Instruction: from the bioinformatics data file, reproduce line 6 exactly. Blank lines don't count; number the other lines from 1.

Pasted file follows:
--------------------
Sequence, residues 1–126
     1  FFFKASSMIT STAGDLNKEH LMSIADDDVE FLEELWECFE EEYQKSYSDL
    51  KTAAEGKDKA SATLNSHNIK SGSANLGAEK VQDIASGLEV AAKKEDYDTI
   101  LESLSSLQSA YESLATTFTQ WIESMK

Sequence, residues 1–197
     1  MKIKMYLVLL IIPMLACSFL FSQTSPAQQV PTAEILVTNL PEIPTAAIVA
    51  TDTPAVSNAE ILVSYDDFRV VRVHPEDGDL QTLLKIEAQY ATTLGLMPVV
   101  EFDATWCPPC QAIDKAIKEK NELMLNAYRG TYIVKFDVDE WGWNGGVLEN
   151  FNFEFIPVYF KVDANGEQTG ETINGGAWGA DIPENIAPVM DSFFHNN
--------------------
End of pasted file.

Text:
     1  MKIKMYLVLL IIPMLACSFL FSQTSPAQQV PTAEILVTNL PEIPTAAIVA